Introduction: There are limited studies exploring functional improvement in relation to characteristics of patients who, following acute hospital care, receive inpatient rehabilitation in community hospitals. We evaluated the association of acute hospital admission-related factors with functional improvement on community hospital discharge.
Methods: We conducted a retrospective cohort study among patients who were transferred to community hospitals within 14-day post-discharge from acute hospital between 2016 and 2018. Modified Barthel Index (MBI) on a 100-point ordinal scale was used to assess functional status on admission to and discharge from the community hospital. We categorised MBI into 6 bands: 0–24, 25–49, 50–74, 75–90, 91–99 and 100. Multivariable logistic regression models were constructed to determine factors associated with categorical improvement in functional status, defined as an increase in at least one MBI band between admission and discharge.
Results: A total of 5,641 patients (median age 77 years, interquartile range 69–84; 44.2% men) were included for analysis. After adjusting for potential confounders, factors associated with functional improvement were younger age, a higher MBI on admission, and musculoskeletal diagnosis for the acute hospital admission episode. In contrast, a history of dementia or stroke; lower estimated glomerular filtration rate; abnormal serum albumin or anaemia measured during the acute hospital episode; and diagnoses of stroke, cardiac disease, malignancy, falls or pneumonia; and other chronic respiratory diseases were associated with lower odds of functional improvement.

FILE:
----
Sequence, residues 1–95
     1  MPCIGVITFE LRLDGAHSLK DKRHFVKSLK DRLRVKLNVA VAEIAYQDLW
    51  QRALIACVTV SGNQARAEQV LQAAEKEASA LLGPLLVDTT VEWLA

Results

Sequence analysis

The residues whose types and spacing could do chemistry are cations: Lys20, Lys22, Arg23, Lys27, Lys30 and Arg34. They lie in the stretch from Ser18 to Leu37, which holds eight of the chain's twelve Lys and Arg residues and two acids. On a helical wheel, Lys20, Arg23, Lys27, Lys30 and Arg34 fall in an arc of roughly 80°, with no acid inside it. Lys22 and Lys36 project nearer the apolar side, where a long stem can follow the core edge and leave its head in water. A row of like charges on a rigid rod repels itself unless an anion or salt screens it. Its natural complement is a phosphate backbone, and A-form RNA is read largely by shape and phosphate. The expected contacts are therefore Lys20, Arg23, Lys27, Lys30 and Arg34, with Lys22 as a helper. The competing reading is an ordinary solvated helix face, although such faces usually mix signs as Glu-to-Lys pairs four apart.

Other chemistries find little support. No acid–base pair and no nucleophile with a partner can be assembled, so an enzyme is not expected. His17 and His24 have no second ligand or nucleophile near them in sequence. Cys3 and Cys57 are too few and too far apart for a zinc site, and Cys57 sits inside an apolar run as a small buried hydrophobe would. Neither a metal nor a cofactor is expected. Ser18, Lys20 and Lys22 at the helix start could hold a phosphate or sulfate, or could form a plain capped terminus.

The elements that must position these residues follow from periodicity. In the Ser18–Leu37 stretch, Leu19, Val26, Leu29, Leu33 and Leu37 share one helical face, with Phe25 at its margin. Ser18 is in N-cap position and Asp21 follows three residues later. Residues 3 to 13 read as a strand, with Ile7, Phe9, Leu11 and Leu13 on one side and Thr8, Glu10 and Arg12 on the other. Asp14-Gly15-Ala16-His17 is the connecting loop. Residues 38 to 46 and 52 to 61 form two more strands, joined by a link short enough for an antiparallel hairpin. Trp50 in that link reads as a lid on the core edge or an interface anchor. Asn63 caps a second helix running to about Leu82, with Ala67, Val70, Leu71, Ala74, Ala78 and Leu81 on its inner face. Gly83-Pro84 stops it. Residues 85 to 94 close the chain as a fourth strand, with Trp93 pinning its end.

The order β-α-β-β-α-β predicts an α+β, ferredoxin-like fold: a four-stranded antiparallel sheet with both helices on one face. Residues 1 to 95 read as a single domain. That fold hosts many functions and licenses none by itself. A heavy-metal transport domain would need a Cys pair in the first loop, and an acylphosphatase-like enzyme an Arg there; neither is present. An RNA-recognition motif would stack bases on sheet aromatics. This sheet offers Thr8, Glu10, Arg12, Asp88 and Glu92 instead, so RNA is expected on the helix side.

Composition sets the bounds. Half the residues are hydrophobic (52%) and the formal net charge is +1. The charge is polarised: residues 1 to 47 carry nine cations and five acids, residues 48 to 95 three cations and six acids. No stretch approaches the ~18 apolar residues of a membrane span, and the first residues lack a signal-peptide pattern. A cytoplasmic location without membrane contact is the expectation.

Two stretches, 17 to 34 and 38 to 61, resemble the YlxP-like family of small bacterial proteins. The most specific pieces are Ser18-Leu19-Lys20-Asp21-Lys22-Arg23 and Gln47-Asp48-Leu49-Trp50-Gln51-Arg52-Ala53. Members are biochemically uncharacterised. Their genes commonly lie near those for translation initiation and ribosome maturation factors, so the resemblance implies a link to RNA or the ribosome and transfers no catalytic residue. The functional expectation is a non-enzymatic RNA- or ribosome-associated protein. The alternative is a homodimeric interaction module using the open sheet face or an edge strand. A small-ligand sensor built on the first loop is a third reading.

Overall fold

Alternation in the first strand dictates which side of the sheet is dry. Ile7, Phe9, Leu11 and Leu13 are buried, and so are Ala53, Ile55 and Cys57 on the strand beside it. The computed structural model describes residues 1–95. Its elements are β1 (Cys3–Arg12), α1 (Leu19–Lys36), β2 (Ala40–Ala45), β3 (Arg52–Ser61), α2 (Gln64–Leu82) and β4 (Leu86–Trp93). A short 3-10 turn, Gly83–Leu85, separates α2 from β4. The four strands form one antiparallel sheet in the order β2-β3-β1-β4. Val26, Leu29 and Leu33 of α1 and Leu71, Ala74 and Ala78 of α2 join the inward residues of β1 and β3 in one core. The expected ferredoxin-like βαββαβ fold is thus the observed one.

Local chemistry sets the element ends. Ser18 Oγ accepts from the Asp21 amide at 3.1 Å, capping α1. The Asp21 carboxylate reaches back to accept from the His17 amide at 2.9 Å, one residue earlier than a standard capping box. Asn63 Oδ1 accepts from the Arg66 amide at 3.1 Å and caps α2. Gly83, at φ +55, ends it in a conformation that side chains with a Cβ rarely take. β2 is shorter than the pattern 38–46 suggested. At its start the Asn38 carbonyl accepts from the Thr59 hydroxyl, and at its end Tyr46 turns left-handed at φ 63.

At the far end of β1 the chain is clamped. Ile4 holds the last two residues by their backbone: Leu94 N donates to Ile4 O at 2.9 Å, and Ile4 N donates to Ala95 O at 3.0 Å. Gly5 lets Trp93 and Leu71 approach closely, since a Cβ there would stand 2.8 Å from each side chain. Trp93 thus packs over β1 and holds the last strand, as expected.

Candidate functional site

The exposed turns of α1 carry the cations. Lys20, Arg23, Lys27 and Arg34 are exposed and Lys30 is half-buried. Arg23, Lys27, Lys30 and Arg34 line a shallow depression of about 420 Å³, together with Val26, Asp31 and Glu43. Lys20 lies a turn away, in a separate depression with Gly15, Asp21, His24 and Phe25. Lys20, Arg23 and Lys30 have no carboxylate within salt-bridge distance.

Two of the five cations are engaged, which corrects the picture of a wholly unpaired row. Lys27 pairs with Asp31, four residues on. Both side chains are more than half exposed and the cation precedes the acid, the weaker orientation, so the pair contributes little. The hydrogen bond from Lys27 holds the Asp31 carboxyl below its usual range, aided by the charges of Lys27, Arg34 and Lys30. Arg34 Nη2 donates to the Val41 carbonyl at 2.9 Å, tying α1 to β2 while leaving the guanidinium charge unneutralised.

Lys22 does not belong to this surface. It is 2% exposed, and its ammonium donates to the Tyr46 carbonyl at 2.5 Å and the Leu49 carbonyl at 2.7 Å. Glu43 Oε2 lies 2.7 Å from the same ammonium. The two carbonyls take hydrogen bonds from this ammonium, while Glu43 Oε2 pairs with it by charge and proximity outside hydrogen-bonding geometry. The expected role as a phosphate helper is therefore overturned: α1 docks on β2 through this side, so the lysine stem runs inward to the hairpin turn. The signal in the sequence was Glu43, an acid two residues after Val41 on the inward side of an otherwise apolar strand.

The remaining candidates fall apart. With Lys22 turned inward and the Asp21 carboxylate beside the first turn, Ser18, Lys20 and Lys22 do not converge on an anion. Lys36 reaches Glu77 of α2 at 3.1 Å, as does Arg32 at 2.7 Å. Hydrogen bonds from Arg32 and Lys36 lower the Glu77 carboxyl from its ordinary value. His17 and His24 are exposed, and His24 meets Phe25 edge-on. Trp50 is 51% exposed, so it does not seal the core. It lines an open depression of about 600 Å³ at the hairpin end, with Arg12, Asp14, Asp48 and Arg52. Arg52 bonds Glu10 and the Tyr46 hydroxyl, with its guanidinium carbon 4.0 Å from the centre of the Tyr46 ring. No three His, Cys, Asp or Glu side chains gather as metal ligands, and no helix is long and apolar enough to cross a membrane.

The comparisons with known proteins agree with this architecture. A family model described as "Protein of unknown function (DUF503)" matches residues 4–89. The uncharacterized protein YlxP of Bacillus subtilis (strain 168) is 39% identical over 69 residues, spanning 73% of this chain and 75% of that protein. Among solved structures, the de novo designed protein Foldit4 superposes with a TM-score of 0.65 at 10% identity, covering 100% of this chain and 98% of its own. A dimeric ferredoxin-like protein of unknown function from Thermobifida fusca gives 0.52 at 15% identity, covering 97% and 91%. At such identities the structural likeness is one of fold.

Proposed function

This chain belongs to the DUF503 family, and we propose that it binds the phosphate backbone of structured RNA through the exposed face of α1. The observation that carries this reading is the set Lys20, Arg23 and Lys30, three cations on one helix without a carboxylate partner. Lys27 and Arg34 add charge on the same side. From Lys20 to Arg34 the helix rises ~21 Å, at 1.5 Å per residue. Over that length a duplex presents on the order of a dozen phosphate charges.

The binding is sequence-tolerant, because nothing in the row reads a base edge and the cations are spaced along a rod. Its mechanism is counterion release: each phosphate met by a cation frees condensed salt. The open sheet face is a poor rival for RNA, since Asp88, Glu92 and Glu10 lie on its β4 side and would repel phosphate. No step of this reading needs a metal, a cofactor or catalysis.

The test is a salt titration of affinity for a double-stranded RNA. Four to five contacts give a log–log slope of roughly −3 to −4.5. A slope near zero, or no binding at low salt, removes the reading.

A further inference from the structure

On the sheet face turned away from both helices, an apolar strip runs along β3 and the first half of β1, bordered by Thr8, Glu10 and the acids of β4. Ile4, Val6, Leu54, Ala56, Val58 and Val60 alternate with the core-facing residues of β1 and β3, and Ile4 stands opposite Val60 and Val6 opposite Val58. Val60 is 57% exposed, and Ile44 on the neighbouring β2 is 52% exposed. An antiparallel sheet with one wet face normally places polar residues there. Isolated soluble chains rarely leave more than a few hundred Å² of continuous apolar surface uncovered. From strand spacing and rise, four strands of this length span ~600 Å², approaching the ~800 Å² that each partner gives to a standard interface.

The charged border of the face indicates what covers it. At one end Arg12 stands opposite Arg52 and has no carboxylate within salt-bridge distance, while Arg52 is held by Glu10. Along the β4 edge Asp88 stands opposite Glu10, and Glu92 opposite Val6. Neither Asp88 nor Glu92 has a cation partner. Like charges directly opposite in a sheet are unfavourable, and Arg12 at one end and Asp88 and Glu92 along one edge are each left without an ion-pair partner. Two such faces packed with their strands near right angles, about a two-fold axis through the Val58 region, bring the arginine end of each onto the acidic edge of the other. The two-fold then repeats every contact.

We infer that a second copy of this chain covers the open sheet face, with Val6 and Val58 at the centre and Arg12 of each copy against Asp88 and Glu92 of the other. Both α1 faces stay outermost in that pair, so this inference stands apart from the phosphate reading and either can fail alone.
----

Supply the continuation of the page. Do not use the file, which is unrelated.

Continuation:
Conclusion: Clinicians may want to take into account the presence of these high-risk factors in their patients when planning rehabilitation programmes, in order to maximise the likelihood of functional improvement.